Amadeus, which specialises in providing technology for the travel industry, said it expects the deal to have a minimal impact on its financial performance this year. It said the deal would be earnings accretive from the first day.
Minneapolis-based Navitaire works with more than 50 airlines - focusing on low-cost carriers - on IT support for areas such as reservations and loyalty programmes.
As part of the deal, 550 Navitaire employees, including senior management, are expected to move to Amadeus.
Madrid, Spain-based Amadeus’s main business is under pressure after Deutsche Lufthansa AG, Europe’s largest carrier by revenue, last month said it will impose a 16-euro charge on external reservations. The levy means that travel bookers like Amadeus, Sabre Corp. and Travelport Worldwide Ltd. would either pass on the charge or absorb the cost, reducing profit.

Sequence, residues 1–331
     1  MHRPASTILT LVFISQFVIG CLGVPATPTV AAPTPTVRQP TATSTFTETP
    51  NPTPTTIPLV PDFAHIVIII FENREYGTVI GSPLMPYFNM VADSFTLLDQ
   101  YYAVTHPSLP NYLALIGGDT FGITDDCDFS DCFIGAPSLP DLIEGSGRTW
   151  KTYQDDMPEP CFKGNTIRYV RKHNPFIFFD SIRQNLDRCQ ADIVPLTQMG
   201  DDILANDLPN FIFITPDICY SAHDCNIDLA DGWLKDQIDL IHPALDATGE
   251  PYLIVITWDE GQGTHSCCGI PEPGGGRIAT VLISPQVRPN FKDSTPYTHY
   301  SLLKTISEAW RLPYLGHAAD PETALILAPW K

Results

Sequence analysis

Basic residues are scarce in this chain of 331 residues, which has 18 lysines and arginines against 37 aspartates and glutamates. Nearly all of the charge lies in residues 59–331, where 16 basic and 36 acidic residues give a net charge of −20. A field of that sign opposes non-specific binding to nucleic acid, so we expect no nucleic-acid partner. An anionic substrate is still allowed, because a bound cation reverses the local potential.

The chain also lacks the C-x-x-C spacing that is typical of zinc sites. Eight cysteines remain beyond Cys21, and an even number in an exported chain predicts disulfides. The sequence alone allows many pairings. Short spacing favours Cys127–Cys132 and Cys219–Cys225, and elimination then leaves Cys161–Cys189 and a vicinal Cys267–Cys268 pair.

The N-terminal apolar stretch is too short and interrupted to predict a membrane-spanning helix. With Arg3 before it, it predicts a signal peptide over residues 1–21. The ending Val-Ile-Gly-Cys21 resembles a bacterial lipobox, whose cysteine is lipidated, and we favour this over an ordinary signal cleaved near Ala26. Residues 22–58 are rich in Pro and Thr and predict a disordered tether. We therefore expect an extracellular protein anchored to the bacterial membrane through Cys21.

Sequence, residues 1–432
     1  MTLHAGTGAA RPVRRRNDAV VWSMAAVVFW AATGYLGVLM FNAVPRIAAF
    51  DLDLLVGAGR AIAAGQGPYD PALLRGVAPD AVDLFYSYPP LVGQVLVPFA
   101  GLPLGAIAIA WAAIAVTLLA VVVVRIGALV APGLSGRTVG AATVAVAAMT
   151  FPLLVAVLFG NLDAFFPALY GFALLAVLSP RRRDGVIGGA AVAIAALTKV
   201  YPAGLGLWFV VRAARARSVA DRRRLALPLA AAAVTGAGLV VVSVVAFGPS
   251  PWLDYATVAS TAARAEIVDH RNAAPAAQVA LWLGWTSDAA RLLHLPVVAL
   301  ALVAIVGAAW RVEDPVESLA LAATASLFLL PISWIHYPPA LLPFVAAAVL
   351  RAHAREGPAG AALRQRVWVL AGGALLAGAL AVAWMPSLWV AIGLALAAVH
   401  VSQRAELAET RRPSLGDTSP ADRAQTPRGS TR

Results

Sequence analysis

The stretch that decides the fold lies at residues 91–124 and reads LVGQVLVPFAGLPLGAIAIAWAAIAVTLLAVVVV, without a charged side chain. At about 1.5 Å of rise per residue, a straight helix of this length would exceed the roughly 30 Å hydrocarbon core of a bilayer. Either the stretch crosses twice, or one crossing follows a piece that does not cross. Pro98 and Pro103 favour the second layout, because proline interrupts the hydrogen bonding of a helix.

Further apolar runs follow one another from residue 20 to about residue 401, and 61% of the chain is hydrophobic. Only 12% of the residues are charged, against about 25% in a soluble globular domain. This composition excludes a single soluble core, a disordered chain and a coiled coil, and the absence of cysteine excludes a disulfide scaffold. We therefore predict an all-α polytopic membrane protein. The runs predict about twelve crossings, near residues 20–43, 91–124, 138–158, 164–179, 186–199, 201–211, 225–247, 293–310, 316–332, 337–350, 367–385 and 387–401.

"Airlines of all shapes and sizes face an increasingly competitive market for an increasingly demanding traveller, and this transaction will give us the ability to serve all airlines with technology that can enable them to drive new revenues and contain their costs," said Amadeus boss Luis Maroto.
The deal is projected to close in the fourth quarter.
Shares of Accenture fell 1.2 percent at $96.92 at 2:54 p.m. in New York, paring gains this year to 8.6 percent.
Separately, Amadeus and Accenture agreed to form an alliance to help airlines to use technology to increase efficiency. The companies are joining forces in order to provide "door to door" traveller experiences and emphasize the place of analytics, cloud and mobility in the marketplace. Accenture will also be named an Amadeus "Strategic Partner" as part of the deal.